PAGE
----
- Ensured donor health and safety during the donation process.
- Performed phlebotomy on new and returning donors.
- Donor volumes increased by 15% during 2017 and by 22% in 2018.
- CBT (NPA)
Red Rocks Community College
Phlebotomist Certificate, 2016
Whether you are applying for your first entry-level job as a phlebotomist or you have been building your career for several years, you will benefit from a good resume.
- Employers generally prefer phlebotomists who have certifications, so don’t delay – if you haven’t got one yet get started. You can always state on your resume that your intention is to be certified by a particular time. Just be sure to follow through, even if the job isn’t awarded to you. You never know, they might come back to you in a few months!
- Don’t fret too much if you don’t have much – or any – work experience to show on your resume. This is an entry-level job and most employers will be understanding.
- Your resume is THE place to share experiences and accomplishments. You aren’t squeamish about blood, otherwise, you wouldn’t be in this field of work, so draw attention to your skills that show you aren’t. Perhaps mention a case when you helped a patient who fainted at the sight of blood! Just be sure to keep it real and factual.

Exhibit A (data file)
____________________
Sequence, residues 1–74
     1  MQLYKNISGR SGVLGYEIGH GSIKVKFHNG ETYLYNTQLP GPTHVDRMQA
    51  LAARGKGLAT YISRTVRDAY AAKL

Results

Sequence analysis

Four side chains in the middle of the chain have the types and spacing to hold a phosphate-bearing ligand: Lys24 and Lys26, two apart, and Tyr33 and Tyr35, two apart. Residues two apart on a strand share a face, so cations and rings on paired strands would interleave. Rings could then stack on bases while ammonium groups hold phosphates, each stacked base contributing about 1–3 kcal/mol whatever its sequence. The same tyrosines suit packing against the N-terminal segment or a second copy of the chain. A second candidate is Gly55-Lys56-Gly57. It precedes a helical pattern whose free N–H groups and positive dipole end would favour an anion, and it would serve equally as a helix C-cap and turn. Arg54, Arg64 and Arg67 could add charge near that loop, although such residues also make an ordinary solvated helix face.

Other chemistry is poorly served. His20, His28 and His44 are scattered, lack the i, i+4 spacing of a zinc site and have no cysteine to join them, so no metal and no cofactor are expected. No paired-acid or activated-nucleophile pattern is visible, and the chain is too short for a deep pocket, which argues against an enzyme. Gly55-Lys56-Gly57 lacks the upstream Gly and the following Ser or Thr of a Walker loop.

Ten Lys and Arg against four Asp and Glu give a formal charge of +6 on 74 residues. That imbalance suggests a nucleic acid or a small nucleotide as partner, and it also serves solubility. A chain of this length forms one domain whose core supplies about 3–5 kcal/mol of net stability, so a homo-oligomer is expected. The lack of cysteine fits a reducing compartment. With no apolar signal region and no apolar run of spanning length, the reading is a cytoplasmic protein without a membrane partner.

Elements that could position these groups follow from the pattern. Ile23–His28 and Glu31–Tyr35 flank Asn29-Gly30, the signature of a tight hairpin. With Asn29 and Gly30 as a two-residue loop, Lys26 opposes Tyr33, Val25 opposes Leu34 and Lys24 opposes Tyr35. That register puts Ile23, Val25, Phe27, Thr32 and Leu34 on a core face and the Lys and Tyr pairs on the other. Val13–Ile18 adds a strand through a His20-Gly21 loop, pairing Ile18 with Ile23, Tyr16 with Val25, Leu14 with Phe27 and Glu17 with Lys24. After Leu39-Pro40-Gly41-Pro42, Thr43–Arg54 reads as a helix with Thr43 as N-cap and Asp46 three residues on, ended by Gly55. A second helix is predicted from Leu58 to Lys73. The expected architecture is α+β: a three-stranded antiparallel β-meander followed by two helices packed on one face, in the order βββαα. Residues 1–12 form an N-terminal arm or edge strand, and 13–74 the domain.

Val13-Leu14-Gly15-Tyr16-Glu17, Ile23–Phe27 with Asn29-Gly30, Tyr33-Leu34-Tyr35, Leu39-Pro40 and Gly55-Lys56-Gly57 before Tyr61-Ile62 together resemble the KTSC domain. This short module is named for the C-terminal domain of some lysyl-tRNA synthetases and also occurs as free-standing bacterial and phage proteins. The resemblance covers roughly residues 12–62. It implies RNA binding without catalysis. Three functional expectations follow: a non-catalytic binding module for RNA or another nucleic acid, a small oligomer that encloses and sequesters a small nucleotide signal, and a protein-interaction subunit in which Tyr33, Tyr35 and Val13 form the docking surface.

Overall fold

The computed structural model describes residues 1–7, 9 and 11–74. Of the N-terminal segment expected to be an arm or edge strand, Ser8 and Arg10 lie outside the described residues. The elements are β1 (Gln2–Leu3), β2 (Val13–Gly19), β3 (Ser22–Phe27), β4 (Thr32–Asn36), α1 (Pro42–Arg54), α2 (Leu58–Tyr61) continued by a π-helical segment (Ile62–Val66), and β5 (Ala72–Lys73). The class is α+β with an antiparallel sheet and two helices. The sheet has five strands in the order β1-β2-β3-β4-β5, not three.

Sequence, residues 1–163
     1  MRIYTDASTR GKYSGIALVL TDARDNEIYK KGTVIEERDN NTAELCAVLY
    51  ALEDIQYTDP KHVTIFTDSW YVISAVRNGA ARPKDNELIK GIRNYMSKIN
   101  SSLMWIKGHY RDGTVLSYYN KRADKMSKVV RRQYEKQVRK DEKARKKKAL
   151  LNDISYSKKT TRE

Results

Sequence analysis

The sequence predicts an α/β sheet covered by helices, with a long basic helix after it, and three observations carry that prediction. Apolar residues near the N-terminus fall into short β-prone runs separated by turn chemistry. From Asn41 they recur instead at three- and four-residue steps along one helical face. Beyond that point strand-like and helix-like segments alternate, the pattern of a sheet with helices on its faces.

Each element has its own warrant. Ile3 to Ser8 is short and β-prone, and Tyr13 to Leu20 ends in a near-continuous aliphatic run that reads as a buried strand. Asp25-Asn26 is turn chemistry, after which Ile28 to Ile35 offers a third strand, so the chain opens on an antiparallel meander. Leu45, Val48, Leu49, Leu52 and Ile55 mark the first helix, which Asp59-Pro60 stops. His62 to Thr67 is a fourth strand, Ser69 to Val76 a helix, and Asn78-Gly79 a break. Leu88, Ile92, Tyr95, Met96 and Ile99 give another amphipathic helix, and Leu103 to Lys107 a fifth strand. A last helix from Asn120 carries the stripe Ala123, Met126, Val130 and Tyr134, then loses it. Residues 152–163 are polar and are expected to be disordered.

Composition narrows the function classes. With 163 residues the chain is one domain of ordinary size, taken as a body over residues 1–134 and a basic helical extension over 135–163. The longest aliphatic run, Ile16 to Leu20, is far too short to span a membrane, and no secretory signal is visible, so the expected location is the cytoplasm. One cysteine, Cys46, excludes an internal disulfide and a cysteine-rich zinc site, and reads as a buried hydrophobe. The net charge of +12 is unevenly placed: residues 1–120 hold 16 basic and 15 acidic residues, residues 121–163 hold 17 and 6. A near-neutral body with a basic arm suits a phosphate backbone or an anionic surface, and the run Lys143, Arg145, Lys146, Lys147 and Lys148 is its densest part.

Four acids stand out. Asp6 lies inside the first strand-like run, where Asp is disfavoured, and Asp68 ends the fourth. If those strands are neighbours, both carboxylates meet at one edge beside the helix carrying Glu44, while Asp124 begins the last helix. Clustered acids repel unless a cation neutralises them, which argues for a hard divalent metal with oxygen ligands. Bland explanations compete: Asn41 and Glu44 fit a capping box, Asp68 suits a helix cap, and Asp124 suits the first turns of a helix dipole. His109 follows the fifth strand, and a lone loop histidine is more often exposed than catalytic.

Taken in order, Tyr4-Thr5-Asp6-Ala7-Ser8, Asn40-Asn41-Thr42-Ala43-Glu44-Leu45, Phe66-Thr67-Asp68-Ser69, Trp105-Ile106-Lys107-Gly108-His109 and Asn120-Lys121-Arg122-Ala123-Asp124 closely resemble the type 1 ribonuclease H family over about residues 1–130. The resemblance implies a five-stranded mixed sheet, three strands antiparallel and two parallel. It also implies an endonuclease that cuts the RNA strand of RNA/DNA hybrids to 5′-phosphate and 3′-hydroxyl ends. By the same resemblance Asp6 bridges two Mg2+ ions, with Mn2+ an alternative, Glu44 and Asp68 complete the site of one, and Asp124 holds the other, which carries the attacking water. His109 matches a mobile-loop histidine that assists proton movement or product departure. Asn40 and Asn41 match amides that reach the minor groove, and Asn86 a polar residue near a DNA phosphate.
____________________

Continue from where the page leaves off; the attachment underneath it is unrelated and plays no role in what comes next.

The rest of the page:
Tips from Experts
“When you are looking for a job start with Indeed and LinkedIn but also go onto the healthcare systems websites. They are usually more current. There are a ton of them. Look for one in your area and you will find jobs. If you really want the job, give them a call and tell them who you are. It’s fine if they say you’ll have to wait for a recruiter to look at your application, but because you have called they might recognize your name and think, hey he really wants the job!“ – Eddie, Certified Phlebotomy Technician, Allied Health Mentors
“You need a strategy as a phlebotomist to get a job, even if you have no experience. When you have filled in your form in HR go and introduce yourself to the staff. Keep going back. Also, be sure to present a good persona. And give the business manager your contact information.“ – Dennis J. Ernst, Director, Center for Phlebotomy Education
“Writing a great Phlebotomist resume is an important step in your job search journey. When writing your resume, be sure to reference the job description and highlight any skills, awards, and certifications that match with the requirements. You may also want to include a headline or summary statement that clearly communicates your goals and qualifications.” – Indeed Career Guide
How ready are you for a new job application? If you haven’t started working on your resume, the answer should be that you aren’t ready at all!
We have given you lots of tips and hints that should help you tailor a resume to get you to the top of the pile of applicants, and a foot in the door so that you can talk to your potential employers and tell them just how good you know you will be at your job.